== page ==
Archive for the ‘Tax Records’ Category

Last Minute 2014 Tax Savings Tip

December 28, 2014

tax-deduction-time-to-save-taxes    It is not too late to consider a very easy tax deduction for 2014.  Gather up some your stuff that you no longer use, no longer fits or flatters or maybe just takes up space to make room for your new Christmas and Hanukkah gifts. If you take these to your local charity before December 31 and you itemize your deductions, you may decrease your 2014 taxable income by the fair market value of these items. If at all possible, get a receipt and take a picture of the donated items to document the deduction. If you donate by dropping it off at a collection box, take a picture of you, the donation and the collection box. Then download the pictures to your computer. The file date on your computer will be on or before December 31 so you have documented your deduction. Keep a list of what was in the bags and boxes so you can put a value on the donation. (Watch for a future blog on how to determine the value of your donation.)  And have a Happy New Year!


Happy April 15.

April 15, 2014

Well, it is the TaxTax Deadline Preparer’s annual celebration – April 15.

There are 3 things to remember:

1. The IRS can’t eat you.

2.  They can’t take away your birthday.

3. We do not have debtor’s prison in the United States.

All that being said, even if you owe money and can’t pay your taxes, file an extension.  It is only an estimate or even a guestimate.  That’s OK.  The penalties for not filing something can be brutal

And have a great day.  For those who filed extensions – October 15 is 6 months away.

So They Paid You In Cash

October 10, 2013

Pay in CashSo your customer paid you in cash.  For some businesses that is a time to celebrate because they feel that they don’t have to report cash.  Notice we said “feel” and not “THINK”.  Let’s look at the bigger picture here and really THINK this through.

Section 61 of the Internal Revenue Code (yawn) clearly states that “… gross income means all income from whatever source derived”.  That is the law.  If it comes through your business, chances are it is gross income and should be reported.

Well, you say, I like to push the limits.  I drive over the speed limit, but not a lot.  A few bucks never hurt anyone.  That is what you tell yourself.  Rational Lies.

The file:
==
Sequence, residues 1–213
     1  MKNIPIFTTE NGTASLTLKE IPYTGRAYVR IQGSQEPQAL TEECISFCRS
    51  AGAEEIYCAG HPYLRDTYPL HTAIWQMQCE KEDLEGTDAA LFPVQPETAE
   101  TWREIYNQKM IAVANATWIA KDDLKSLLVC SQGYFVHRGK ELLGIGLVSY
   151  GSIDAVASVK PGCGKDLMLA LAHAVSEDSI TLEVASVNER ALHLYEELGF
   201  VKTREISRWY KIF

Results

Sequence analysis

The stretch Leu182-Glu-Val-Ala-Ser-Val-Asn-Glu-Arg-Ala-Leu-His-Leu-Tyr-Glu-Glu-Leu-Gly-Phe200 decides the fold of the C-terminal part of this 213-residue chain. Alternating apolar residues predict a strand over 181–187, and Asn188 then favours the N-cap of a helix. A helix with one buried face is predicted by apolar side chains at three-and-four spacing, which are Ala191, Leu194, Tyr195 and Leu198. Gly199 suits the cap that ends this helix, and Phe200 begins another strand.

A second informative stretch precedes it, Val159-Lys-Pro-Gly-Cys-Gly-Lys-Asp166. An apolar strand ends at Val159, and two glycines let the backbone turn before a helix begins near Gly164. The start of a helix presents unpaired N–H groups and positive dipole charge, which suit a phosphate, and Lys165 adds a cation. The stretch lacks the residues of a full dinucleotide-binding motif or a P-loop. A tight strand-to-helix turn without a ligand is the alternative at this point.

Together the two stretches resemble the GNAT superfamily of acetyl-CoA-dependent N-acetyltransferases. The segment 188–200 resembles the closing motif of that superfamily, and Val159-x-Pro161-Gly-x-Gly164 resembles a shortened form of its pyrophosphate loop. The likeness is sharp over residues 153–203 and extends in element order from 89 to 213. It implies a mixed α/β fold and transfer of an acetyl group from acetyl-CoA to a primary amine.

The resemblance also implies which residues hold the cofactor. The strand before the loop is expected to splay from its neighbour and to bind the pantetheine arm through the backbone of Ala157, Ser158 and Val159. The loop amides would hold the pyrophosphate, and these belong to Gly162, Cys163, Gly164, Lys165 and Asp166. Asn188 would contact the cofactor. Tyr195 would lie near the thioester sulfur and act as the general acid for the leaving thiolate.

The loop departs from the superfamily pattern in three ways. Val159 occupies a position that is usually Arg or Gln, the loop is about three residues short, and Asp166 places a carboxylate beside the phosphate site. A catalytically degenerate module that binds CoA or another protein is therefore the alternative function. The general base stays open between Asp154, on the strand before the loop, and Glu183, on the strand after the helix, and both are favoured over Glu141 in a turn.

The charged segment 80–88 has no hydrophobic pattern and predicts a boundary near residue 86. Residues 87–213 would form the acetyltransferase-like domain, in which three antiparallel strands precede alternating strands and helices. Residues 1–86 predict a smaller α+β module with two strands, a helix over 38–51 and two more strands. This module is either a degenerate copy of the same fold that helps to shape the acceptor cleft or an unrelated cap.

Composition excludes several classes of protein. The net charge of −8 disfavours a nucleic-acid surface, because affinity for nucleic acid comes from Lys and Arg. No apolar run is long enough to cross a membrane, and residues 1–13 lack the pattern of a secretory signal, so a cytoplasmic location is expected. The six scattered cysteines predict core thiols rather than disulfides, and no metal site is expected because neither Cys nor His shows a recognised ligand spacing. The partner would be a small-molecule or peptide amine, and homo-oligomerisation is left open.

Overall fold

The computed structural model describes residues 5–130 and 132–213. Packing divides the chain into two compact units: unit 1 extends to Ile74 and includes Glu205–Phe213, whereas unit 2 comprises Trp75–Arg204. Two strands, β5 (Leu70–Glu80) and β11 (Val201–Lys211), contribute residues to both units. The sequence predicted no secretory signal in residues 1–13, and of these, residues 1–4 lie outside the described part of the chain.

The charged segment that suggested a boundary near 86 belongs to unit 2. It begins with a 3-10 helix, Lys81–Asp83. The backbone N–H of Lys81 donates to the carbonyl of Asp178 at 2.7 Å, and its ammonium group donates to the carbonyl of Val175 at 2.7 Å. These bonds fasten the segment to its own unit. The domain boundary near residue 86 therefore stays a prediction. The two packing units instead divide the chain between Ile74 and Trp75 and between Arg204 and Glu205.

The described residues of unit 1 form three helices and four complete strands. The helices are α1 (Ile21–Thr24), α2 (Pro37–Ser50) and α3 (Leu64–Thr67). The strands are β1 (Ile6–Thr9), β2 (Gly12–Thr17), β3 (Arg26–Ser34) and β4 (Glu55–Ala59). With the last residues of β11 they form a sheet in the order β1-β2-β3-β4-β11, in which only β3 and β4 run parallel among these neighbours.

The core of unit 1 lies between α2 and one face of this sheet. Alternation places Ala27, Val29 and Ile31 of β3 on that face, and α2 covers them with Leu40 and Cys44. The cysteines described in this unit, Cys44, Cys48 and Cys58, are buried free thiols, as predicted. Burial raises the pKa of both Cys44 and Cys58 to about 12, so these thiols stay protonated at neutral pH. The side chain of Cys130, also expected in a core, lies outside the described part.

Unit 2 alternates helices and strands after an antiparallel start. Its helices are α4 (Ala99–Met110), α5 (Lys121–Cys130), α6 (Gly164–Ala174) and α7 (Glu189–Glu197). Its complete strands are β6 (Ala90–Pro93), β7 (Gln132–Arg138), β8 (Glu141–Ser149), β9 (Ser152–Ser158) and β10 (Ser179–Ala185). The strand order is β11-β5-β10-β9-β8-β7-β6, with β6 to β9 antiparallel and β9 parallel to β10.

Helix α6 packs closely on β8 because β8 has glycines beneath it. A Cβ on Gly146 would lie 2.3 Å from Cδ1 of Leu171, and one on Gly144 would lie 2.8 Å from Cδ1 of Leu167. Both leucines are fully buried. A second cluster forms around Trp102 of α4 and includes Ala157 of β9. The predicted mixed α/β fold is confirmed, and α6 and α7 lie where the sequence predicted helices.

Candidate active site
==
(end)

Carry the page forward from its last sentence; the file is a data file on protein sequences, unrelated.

Consider this.  If your internal controls (or lack of them) are so loose that it is easy for you to take out cash without running it through your books, then perhaps your employees feel that they can do the same.  I mean, if you skim cash from the business then it must be OK for them to do it.  Is that really OK with you. I seriously doubt it.

Then let’s go to the extreme.  You get comfortable not reporting income and  the numbers start getting bigger and bigger.  Then the IRS comes in and they decide that they are going to make an example out of your case and prosecute you criminally for income tax evasion.  First, you will incur lots of attorney and accountants fees because, as the old adage goes, “the lawyer that represents himself has a fool for a client”.

Then you will probably go in front of a jury of your peers.  Now most of these “peers” on the jury are probably  W-2 employees and not in a position to omit any income from their tax return. They will NOT understand nor appreciate that you are trying to get away with it.  They can’t so why should you.  Guilty.

There is nothing wrong in being aggressive with your taxes.  But ask yourself, is it really worth the risk.  If you are going to take a risk, at least look at the downsides.

And also remember – Pigs get fat.  Hogs get slaughtered.

Nobody Home at the IRS

October 1, 2013

Govt ShutdownWell the Government has closed its doors for who knows how long.  That means the IRS is also closed.  That’s the good news and that’s the bad news.

The good news is that there is nobody home in the audit and collections departments.  Which means there will be a temporarily halt to phone calls and letters telling you “I’m with the IRS and I’m here to help you.”

The bad news is that there will be no refunds issued while the lights are off.  Also the clock marches onward toward the October 15 due date.  And there is nobody at the IRS to answer your questions. So, we recommend that, if you do have a question, go to Google or Bing or your favorite search engine or even if you want to get advice with an IRS slant.  You can also call your tax professional.

We are not certain what to tell you if the IRS has given you a deadline to take some sort of action.  If they want a payment by October 5, then I would do my best to make that payment even if the government’s doors are closed.  Most times, ties go in favor of the government so be certain that you know the risks you might be taking.

As we understand it, the IRS computers will still be functioning so you can still e-file.  We hope.

So until the IRS opens its doors again, enjoy a little peace and quiet.  But remember, they are not going away forever.

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